- Healthcare is my main concern
- I have other more important concerns
- Don’t know
The National Assembly has just chaired a round-table discussion on British rights post Brexit. EU law professor Myriam Benlolo-Carabot said Brexit could be ‘cataclysmic’ for Britons’ rights in France unless otherwise agreed during the negotiations after article 50 is invoked.
Ms. Benlolo-Carabot pointed out that after Brexit, Britons would be “foreigners like any other” and that thus, they would “lose their special status and be subject to normal immigration rules”. She also stated that international law rules on acquired rights cannot be relied on; everything is up for negotiation once article 50 is triggered.
She doesn’t expect negotiations to be swift, stating “These can take up to two years but can be prolonged if the European Council decides unanimously to do so, which is very likely because there are bound to be matters which, in my opinion, will require considerably longer than that to sort out”.
The single biggest concern among British expats is the loss of EU citizenship, and the ensuing potential loss of rights, notably freedom of movement in other EU countries. This encompasses the right to live, work and start businesses in France as well as issues such as healthcare, pensions, property ownership and so on.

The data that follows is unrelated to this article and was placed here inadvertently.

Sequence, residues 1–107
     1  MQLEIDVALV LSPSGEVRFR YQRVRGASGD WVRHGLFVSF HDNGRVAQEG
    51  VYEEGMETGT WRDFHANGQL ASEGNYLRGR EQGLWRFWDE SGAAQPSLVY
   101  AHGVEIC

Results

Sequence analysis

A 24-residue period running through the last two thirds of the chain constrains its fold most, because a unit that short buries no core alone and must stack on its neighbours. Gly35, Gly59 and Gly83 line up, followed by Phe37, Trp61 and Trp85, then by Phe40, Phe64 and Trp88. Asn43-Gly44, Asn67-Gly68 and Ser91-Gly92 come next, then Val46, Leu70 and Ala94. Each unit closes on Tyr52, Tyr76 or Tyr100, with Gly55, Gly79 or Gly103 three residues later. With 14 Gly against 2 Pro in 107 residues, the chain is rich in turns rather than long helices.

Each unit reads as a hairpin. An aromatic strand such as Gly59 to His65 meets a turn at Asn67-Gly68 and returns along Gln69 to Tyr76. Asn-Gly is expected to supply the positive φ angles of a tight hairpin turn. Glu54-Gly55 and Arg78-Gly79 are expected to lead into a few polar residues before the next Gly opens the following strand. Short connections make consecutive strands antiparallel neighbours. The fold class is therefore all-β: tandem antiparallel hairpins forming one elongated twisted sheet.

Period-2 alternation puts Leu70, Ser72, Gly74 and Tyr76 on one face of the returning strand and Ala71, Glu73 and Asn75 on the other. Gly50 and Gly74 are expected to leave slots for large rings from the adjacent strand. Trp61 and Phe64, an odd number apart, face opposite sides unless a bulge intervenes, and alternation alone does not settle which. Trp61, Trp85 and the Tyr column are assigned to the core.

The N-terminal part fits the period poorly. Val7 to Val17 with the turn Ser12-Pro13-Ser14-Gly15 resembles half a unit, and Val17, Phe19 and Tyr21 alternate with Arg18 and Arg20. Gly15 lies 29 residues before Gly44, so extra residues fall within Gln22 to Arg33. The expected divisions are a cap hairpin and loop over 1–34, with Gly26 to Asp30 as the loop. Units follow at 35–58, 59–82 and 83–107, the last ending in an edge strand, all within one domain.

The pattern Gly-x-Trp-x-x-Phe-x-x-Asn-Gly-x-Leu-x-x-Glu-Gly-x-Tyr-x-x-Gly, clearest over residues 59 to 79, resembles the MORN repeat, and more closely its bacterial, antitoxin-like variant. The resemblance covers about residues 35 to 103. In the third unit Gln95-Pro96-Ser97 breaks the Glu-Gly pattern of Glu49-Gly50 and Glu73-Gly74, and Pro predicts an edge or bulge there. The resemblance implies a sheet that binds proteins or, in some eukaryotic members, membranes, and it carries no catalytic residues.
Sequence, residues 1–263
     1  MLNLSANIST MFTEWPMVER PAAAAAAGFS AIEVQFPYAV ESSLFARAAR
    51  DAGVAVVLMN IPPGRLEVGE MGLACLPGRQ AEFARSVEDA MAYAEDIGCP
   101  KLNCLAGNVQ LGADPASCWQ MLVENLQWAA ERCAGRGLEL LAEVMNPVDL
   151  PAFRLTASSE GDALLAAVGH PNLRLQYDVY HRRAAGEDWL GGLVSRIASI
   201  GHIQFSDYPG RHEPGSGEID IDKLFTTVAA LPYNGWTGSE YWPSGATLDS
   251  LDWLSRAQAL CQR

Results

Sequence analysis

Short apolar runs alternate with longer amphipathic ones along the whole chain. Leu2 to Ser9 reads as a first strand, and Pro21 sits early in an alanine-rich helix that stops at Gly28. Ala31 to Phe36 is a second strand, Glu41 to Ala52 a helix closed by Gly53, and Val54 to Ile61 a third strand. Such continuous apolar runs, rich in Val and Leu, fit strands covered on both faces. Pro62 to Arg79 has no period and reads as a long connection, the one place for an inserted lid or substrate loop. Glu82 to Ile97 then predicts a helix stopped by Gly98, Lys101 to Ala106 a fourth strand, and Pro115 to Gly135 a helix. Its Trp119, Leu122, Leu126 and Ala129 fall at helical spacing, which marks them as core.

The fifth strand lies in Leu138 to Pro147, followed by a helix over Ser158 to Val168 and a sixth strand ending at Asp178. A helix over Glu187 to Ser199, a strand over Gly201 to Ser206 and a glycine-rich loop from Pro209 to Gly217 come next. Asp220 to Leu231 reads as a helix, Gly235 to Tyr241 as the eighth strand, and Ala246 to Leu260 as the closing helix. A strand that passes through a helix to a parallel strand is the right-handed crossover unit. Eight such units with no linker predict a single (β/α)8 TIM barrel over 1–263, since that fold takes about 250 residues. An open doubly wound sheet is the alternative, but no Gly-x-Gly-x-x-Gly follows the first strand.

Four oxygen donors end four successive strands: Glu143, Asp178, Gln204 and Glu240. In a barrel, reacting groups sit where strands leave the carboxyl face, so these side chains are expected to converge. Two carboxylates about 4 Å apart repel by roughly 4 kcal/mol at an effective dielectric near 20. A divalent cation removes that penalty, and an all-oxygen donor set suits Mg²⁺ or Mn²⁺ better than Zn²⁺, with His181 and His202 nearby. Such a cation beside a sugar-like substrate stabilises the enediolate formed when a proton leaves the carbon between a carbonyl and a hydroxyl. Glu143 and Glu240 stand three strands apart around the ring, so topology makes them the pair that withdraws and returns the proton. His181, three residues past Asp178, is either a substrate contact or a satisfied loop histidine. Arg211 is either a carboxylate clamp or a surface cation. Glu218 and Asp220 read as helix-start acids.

The president of the British Community Committee of France, Christopher Chantrey, was present and passed on concerns regarding the issue of ‘permanent’ cartes de séjour to Britons by certain prefectures and the desirability of a ‘fast-track’ to French citizenship. The director of social security Thomas Fatome pointed out that there are far more British retirees in France than French retirees in the UK – 64,000 compared to 9,000, and as a result, the health bills for the two countries are completely disproportionate. He went as far as to say that, “Without specific agreements on healthcare the system would end”.
I can’t honestly see the UK government worrying too much about expat rights. It will be like the winter fuel allowance all over again. They will probably maintain that because we eat a ‘Mediterranean’ diet we are less likely to get ill and thus have no need for reciprocal health cover. The French government on the other hand, do seem to be genuinely concerned about trying to resolve issues for British residents. In any case, is healthcare your biggest concern or are there other issues?